Fear, of course.

Fear that the new direction of the blog won’t be as good, or as well-received as the old direction was for the most part.

Fear that when I write about my strong opinions on real issues, people will disagree with me and I’ll look stupid.

Fear that when I let go of The Persona of the Fit Fat Girl, there will just be me. Just Steph. And maybe you will not find that as interesting or funny or cool or WHATEVER as the Person Who Was the Fit Fat Girl.

What if Just Steph is not enough?

This is, like, the burning question of my life.

(I just stopped writing for like 10 minutes and debated the inclusion of the entire last 7 paragraphs. Whatever. Keeping ’em.)

So, having said all this, what now? At this point I think I have no choice but to move it forward with this new direction, no matter how scary it is.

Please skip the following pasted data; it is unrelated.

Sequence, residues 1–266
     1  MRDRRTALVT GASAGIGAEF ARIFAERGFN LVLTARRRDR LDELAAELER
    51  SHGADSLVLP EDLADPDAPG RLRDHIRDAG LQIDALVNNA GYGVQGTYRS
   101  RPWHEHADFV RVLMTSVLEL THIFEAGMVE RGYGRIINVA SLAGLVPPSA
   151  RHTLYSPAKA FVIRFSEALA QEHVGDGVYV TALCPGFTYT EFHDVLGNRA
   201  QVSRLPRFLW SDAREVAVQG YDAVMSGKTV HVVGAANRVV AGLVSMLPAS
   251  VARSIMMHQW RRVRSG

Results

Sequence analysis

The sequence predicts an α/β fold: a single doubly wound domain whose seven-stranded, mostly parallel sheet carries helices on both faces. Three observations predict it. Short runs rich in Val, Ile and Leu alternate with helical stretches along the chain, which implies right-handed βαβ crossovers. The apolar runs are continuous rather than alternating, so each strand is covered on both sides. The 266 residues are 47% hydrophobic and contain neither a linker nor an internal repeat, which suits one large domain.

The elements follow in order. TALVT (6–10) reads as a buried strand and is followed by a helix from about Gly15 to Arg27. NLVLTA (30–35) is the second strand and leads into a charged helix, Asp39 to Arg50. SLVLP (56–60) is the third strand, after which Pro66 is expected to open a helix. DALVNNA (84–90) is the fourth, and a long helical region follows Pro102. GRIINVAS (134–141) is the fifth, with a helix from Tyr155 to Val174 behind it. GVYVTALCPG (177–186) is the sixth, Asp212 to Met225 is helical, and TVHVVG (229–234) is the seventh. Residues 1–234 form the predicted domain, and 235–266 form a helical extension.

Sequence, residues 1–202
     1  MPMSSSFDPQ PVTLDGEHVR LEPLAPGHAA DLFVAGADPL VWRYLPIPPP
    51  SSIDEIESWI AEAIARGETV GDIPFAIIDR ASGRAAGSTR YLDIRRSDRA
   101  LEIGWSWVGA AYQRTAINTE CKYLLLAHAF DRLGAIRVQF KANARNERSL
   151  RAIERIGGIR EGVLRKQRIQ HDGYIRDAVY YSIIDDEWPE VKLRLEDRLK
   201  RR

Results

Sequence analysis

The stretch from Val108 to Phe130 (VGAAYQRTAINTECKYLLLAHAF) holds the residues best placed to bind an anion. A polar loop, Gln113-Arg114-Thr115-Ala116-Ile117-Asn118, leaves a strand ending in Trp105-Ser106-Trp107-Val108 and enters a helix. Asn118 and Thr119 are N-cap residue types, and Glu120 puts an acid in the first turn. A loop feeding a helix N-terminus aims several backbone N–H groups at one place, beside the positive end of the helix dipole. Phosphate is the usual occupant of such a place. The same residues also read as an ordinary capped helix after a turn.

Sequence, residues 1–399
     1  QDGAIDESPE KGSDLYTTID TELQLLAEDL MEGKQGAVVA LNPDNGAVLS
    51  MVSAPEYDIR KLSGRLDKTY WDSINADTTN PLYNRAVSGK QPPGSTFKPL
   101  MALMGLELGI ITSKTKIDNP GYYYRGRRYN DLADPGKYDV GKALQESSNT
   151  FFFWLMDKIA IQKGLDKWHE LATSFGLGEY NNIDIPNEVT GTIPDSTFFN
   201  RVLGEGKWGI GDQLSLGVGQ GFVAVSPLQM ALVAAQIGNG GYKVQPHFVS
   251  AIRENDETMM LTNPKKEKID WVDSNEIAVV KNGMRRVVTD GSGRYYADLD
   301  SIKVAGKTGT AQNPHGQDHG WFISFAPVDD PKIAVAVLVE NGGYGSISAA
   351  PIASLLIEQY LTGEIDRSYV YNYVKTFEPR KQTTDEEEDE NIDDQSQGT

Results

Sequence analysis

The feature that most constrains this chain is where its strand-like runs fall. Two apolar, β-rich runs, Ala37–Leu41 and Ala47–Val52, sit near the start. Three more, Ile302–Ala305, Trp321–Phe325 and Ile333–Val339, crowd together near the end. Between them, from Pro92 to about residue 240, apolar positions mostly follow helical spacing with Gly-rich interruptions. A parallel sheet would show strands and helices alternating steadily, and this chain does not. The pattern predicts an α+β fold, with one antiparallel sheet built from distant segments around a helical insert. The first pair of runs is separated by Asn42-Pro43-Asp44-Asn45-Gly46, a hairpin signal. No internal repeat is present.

Shedding the Fit Fat Girl armor is some next level shit for me, people.
I’m doing it. I hope you’ll stick around to see how it goes.


So earlier today I had an endoscopy. I’ll spare you the gory details–well, wait, I don’t actually have any considering they knocked me out for the procedure. I was pretty grateful for that, to tell you the truth. I had visions of barfing all over some poor nurse at the activation of my gag reflex.

Today’s fun venture was the culmination of a week of misery, pretty much. Something crazy happened when I swallowed a normal-sized piece of boneless grilled chicken last Saturday. As though the chicken were coated in shards of glass, I experienced that painful scraping and slicing sensation in my throat–like swallowing a chip with the sharp edge dragging its way down.